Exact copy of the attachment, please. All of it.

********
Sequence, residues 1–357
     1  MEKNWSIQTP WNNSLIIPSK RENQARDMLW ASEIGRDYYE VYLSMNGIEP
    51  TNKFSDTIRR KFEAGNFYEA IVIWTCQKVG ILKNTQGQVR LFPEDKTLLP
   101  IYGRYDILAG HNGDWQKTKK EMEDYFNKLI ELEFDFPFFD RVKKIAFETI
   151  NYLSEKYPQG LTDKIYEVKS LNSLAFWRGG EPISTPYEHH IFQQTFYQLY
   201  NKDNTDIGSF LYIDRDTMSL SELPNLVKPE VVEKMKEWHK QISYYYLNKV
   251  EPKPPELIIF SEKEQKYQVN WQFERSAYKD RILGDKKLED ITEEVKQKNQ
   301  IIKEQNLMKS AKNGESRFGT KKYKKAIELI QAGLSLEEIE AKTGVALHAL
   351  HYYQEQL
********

Sequence, residues 1–357
     1  MEKNWSIQTP WNNSLIIPSK RENQARDMLW ASEIGRDYYE VYLSMNGIEP
    51  TNKFSDTIRR KFEAGNFYEA IVIWTCQKVG ILKNTQGQVR LFPEDKTLLP
   101  IYGRYDILAG HNGDWQKTKK EMEDYFNKLI ELEFDFPFFD RVKKIAFETI
   151  NYLSEKYPQG LTDKIYEVKS LNSLAFWRGG EPISTPYEHH IFQQTFYQLY
   201  NKDNTDIGSF LYIDRDTMSL SELPNLVKPE VVEKMKEWHK QISYYYLNKV
   251  EPKPPELIIF SEKEQKYQVN WQFERSAYKD RILGDKKLED ITEEVKQKNQ
   301  IIKEQNLMKS AKNGESRFGT KKYKKAIELI QAGLSLEEIE AKTGVALHAL
   351  HYYQEQL